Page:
Biodiversity offsetting involves compensating for environmental damage at one location by generating ecologically equivalent gains at another, so that there is ‘no net loss’. Biodiversity offsets are increasingly being used as a regulatory tool to balance the needs of sustainable development and environmental conservation. Unfortunately, such schemes are often prone to failure due to poor design and implementation. The Environment Protection and Biodiversity Conservation (EPBC) Act regulates impacts on matters of national environmental significance, such as nationally threatened species and world heritage areas as well as actions that involve the Commonwealth. The EPBC Act environmental offsets policy (released in October 2012) sets out the principles for effective offsetting for those protected matters regulated under national environmental law. A biodiversity offset trade involves a loss of biodiversity at an ‘impact’ site being exchanged for a gain in biodiversity at an ‘offset’ site based on an ‘offset action’. Usually, the amount of impact is estimated during the impact assessment process. But establishing the amount of biodiversity benefit generated at an offset site by the offset action is harder. That is because the gain in biodiversity at the offset is not the same thing as the amount of biodiversity the site currently supports.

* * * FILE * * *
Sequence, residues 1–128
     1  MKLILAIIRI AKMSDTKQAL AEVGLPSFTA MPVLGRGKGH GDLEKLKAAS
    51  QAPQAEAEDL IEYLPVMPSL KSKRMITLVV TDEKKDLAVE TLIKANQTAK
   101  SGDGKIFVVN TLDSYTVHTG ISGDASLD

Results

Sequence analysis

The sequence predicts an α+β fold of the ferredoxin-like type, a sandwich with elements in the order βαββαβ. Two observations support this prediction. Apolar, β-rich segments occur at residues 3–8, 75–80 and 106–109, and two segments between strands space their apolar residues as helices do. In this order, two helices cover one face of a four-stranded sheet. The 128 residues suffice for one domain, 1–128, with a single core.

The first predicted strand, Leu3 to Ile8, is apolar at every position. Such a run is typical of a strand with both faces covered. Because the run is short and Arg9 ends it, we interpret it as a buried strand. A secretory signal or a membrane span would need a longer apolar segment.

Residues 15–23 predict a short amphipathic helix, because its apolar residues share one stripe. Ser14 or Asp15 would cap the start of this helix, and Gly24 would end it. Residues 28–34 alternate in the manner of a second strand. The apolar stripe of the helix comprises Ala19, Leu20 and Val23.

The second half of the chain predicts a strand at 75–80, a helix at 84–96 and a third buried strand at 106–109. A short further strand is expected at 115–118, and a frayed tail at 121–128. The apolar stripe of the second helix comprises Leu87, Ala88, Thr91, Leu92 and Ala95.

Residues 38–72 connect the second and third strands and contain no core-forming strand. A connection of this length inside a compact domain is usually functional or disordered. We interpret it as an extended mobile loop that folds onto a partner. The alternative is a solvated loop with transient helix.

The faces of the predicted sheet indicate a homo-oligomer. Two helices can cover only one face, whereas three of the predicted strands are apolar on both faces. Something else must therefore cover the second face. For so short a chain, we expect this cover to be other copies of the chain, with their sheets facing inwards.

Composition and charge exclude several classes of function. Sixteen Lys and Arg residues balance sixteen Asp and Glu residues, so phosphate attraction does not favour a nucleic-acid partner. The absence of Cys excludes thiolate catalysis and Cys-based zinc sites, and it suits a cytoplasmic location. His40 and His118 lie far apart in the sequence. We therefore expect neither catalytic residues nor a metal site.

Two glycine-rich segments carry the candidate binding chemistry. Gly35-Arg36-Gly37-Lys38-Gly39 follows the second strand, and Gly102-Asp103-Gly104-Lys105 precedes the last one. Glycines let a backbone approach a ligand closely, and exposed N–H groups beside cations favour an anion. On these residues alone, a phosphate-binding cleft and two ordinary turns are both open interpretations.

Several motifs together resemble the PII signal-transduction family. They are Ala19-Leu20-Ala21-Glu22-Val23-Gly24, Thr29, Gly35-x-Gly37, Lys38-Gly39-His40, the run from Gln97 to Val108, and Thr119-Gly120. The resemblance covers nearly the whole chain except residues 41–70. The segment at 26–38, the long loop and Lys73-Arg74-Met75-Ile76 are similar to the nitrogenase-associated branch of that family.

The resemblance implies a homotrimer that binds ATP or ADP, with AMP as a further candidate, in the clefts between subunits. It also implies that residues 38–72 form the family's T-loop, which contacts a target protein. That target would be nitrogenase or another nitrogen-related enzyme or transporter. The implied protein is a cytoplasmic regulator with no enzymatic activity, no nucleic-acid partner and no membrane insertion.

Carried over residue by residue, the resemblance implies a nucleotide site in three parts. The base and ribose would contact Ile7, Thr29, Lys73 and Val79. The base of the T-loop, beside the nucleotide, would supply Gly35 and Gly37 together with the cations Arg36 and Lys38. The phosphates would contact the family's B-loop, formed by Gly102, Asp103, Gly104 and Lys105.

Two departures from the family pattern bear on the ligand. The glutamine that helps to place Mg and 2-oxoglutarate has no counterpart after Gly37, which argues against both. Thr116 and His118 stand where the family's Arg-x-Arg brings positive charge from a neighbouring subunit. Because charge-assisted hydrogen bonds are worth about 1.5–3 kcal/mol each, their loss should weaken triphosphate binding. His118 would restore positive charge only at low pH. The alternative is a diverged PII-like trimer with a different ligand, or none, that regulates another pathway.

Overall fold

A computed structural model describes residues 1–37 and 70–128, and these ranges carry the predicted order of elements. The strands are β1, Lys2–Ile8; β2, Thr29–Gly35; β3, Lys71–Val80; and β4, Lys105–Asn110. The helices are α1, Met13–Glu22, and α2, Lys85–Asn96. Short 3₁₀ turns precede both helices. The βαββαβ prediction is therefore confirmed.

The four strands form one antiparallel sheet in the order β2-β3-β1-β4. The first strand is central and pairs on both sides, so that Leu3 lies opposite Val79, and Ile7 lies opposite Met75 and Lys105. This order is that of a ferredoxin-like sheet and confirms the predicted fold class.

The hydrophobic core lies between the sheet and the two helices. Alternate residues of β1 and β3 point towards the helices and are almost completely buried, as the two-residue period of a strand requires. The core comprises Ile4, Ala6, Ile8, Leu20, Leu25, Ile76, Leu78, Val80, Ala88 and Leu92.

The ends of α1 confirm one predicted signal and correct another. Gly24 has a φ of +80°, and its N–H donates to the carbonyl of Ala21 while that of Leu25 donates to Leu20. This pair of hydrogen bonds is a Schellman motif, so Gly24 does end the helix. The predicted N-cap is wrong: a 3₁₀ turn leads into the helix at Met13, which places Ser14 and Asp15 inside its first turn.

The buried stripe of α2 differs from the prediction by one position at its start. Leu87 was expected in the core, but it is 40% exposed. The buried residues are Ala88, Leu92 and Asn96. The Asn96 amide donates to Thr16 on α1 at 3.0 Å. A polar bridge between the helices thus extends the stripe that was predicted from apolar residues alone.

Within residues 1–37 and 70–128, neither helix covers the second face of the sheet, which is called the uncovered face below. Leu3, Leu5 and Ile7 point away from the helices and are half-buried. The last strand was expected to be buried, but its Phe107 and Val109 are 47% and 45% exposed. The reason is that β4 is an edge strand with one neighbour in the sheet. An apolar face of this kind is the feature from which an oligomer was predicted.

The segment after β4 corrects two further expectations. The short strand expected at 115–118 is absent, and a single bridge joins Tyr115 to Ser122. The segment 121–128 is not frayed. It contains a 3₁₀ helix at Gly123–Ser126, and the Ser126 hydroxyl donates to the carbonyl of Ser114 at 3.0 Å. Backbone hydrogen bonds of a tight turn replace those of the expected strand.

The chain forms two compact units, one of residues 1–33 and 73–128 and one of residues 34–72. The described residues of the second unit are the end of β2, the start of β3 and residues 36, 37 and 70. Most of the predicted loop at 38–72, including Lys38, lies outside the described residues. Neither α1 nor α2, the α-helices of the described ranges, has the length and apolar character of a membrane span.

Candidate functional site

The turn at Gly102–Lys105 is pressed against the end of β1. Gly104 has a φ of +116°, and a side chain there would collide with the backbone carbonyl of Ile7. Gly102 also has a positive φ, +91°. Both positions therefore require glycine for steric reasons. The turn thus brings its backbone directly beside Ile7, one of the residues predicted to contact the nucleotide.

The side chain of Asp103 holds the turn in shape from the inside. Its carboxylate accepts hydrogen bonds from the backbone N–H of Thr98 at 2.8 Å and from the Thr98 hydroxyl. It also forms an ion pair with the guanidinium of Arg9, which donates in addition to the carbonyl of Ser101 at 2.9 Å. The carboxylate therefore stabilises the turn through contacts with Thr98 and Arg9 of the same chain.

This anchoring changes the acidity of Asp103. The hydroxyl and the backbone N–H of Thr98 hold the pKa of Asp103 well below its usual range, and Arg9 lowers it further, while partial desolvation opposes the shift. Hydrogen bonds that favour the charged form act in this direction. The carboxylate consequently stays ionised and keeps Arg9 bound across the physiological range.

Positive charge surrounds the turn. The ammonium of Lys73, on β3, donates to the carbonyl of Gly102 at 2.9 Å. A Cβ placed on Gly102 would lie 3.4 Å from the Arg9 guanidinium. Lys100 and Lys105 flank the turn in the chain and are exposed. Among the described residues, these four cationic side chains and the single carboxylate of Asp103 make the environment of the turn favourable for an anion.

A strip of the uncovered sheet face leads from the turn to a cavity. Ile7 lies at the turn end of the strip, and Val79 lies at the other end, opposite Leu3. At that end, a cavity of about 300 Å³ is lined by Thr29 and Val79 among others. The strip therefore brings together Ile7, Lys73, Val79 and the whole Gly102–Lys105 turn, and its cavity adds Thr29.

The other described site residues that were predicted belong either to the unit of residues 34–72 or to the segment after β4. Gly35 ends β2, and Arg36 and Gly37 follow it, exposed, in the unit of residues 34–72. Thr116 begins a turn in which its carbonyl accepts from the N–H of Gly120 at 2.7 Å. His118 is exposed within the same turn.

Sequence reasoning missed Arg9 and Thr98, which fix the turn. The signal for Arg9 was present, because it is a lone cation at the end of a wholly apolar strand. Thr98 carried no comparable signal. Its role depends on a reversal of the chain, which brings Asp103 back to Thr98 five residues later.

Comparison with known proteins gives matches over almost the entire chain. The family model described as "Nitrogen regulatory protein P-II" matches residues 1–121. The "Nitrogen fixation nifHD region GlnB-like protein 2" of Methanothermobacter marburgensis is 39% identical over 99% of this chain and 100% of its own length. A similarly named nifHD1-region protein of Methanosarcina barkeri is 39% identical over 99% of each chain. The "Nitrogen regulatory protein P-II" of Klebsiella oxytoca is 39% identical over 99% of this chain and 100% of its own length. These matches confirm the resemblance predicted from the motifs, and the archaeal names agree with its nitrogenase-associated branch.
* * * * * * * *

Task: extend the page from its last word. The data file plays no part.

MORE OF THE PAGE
More info: See Decision Point 69 for the full story on the guide. Also see ‘Balancing biodiversity offsets with restoration reality’ in Decision Point #63.